For example: libappindicator.

As an exercise, I wanted to find memory leaks in application indicators (the icons on the top right like power, network, etc.), which means I needed to launch an app indicator at the command line with apport-valgrind (apport-valgrind EXE). So I tried to kill those processes, and they relaunched automatically. 

So I thought: write my own app indicator -- which turned out to be unnecessary: I found some sample C code that demonstrates how to write a simple application indicator here on developer.ubuntu.com. (Scroll down to "Typical usage (C version)".)

So I grabbed it. It includes a libappindicator header file:

#include <libappindicator/app-indicator.h>

I compiled and linked this code, like so:

$ gcc myappindicator.c $(pkg-config --cflags --libs appindicator3-0.1) -o myappindicator.o 

That produces the unpackaged executable myappindicator.o

Running this at the command line (./myappindicator.o) creates a new icon in the appindicator area that has a menu and pops up a dialog with a text editing area. The indicator icon's menu has a Quit item, which works as expected, quitting the application and removing its indicator, so all is well.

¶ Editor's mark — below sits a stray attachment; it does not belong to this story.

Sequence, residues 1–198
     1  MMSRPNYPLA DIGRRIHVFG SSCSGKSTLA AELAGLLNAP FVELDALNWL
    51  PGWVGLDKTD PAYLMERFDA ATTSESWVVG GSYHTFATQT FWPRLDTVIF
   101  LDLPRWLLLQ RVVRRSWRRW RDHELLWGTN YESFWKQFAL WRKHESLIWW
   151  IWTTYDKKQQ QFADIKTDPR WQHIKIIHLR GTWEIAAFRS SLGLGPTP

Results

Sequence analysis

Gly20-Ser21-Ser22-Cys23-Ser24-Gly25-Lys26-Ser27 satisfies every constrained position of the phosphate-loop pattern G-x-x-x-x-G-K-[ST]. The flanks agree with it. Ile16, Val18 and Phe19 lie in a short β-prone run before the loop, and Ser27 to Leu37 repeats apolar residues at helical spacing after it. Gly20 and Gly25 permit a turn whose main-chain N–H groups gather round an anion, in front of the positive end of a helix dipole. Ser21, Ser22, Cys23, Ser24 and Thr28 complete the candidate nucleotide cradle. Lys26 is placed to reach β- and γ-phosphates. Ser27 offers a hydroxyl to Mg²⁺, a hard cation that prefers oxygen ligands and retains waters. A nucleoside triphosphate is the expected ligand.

Then, I ran it under apport-valgrind [2], like so:
$ apport-valgrind ./myappindicator.o 

And voila, the valgrind log is generated: ./valgrind.log

This sample C code could be simplified to more precisely target (memory check) libappindicator functions.

Quality of the unpackaged stack traces?

OK, so it works. But does it work well? That is, can one expect the same number of unresolved symbols for an unpackaged executable as for its identical packaged version, even though the code paths to create the sandbox are quite different?

Easy to find out by running apport-valgrind twice, once on a normal packaged executable found on the current PATH (for example apport-valgrind notify-send), and then again on an instance of notify-send simply copied to the current directory (which makes it unpackaged, since dpkg cannot find any package that owns it in this location, and which invokes the new ldd-based code path instead of the dependency based code path). Then counting the number of unresolved symbols with grep, like so:

Packaged:
$ apport-valgrind notify-send 
..
$ grep -c \?\?\? valgrind.log
89

Unpackaged:
$ cp $(which notify-send) .
$ apport-valgrind ./notify-send 
..
$ grep -c \?\?\? valgrind.log
89

Success! The same number of unresolved symbols in both cases means that the unpackaged stack traces are (here, at least) just as good as the packaged stack traces.

Footnotes

[1] You can tell if an executable is packaged with dpkg -S $(which EXE). For example, to find the package that installed ls:

$ dpkg -S $(which ls)
coreutils: /bin/ls


The package is coreutils.

[2] Always upgrade your system (apt-get update and apt-get dist-upgrade) before running apport-valgrind in order to increase the quality of the stack traces by ensuring the installed libraries are the most recent and therefore will match with the most recent debug symbol packages.